Galette with lemon curd and fresh berries

I had made the different elements for the galette — namely the crust and the lemon curd — in advance but the whole thing needed to be assembled right before serving so the crust would not get soggy. Luckily, it’s a quick task and the result is impressive. Because this dessert is not particularly sweet, it was perhaps not the best choice for a dinner that included kids. They would have preferred something more typically dessert-y. But the adults loved it and I would definitely make it again for a different crowd. I think of lemon curd as a wintertime ingredient — because citrus fruits are best in winter — and the berries obviously are in season in the summertime. So I’m not sure what time of year this dessert is really intended for. You could certainly have fun with this idea and replace the lemon curd with a chocolate cream or a marscapone cheese. But the salty galette shortbread dough is definitely a keeper, especially if you love the combination of salty and sweet.

Eggplant Caviar
  • 3 eggplants
  • 1 red pepper
  • 6 cloves garlic
  • Freshly squeezed lemon juice and olive oil
  • Paprika, cumin, and salt and pepper
  1. Cut the eggplants in half lengthwise and cut a small slit in each half.
  2. Stuff a garlic clove in each slit.
  3. Roast the eggplants in a 350 degree oven for 45 minutes.
  4. Meanwhile, char the red pepper in a dry skillet over high heat until all sides are blackened.
  5. Place pepper in a paper bag. When it is cool, remove the skin from the pepper.
  6. Peel the eggplant halves and puree them in a food processor along with the garlic cloves, and the red pepper.
  7. Add freshly squeezed lemon juice (start with half a lemon) and olive oil until the puree takes on a smooth yet chunky consistency.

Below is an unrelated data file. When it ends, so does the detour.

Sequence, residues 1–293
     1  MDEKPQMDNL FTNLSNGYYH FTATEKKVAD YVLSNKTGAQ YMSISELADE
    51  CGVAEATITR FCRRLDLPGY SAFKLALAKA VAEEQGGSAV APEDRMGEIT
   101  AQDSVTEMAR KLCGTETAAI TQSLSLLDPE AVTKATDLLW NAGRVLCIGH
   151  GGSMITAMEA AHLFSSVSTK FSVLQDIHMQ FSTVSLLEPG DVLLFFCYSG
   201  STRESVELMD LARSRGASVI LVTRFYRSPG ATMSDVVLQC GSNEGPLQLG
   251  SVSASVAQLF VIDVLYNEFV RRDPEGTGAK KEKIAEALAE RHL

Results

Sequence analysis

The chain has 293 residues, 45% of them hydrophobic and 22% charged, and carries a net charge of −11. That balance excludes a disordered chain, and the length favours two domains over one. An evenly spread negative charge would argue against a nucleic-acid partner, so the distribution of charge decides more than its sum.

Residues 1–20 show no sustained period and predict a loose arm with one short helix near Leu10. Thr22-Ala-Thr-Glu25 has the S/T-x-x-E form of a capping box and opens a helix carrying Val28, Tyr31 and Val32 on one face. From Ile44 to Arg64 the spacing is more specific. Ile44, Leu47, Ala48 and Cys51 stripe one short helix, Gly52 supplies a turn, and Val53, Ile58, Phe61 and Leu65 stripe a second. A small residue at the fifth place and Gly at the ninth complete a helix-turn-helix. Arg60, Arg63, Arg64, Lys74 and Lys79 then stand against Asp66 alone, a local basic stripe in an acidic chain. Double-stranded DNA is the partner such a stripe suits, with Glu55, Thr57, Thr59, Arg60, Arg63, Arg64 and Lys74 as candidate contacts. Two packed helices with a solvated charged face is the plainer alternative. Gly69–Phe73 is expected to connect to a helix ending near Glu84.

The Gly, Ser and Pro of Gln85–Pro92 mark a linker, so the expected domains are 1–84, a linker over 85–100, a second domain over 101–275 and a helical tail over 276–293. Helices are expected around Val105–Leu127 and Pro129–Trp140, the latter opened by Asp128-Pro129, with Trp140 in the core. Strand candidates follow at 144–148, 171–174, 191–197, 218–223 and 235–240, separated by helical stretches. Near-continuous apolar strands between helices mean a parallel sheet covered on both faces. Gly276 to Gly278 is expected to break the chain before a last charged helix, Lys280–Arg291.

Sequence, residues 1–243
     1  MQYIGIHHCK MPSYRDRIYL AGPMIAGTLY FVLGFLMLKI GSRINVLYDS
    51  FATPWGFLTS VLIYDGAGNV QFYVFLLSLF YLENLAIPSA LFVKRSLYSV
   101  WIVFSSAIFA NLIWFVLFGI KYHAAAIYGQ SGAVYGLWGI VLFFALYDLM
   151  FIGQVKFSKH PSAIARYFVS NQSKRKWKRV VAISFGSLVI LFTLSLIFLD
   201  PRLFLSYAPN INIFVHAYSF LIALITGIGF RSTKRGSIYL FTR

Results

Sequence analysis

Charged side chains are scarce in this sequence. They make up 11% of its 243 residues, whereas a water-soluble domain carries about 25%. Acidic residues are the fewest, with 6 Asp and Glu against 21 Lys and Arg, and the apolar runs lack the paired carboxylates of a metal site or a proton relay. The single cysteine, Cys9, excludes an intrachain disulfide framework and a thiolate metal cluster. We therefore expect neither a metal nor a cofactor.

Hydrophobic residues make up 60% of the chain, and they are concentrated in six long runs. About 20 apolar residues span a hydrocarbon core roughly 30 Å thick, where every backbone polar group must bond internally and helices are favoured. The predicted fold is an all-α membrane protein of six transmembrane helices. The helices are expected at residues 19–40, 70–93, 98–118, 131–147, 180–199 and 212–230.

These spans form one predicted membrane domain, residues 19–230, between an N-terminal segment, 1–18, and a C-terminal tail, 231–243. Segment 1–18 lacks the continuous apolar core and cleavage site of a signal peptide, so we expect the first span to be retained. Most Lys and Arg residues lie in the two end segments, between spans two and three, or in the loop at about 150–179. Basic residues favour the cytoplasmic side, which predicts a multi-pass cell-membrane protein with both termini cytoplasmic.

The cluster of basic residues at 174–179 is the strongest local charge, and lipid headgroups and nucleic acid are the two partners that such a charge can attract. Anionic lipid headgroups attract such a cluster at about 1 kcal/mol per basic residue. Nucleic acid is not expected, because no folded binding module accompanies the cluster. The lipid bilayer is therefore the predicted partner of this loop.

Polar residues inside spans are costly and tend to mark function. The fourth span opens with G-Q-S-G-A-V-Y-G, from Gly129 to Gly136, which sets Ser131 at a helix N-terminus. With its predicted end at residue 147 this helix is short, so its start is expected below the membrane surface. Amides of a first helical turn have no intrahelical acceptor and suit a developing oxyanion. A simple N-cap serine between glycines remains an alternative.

8. Season with paprika (start with 2 tsp.) and cumin (start with 1 tsp.) and salt and pepper.
  9. Serve with pita chips, slices of French bread or raw vegetables.
Adapted from Quiches, Kugels and Couscous by Joan Nathan,

Eggplant caviar also make a delicious spread for a sandwich. Try it on a baguette with roasted red peppers and some goat cheese.

Looking forward to next month’s party: a Superbowl Party!


  1. Jenny says

    We love cheese here and I have never heard of Fromage Fort – can’t wait to try it out. Also as a variation on your entertaining once a month theme I think our family is going to go to 12 different ethnic restaurants in 2012.

    • Emily says

      Fromage Fort is definitely a a great little no-waste kitchen trick. You can find lots of recipes on the Web, but it really calls for some creativity on the cook’s part.

      I love your idea about ethnic restaurants. What are some of the ones you hope to try? Chicago is a great city for this project. Before we had kids, my husband and I tried Lithuanian food, Filipino food, Ethiopian food, Nepalese food and lots more. Now with picky eaters and food allergies, we stick to the basics.

      • Jenny says

        My husband and I recently tied a Korean restaurant (found thru yelp)
        on the north side that gave us the idea. Our kids are adventurous eaters to some extent but we also know that there will be some meals where they may only eat white rice or bread! On our list so far are Ethiopian, Korean, Polish, Vietnamese, and Indian to start with. The project will give us an excuse to explore the city a little bit (Chinatown, Devon Street, etc) and get out of our regular neighborhood. I hadn’t thought of Lithuanian, Filipino, or Nepalese so I will add those to our list as well.

        • Emily says

          I love Ethiopian food, but am snobby about it because DC, where I’m from, has a large Ethiopian community and therefore great Ethiopian food. I always say that the Chicago Ethiopian restaurants aren’t as good. But Chicago excels at Indian, Mexican and Asian cuisines. So you should have a great adventure.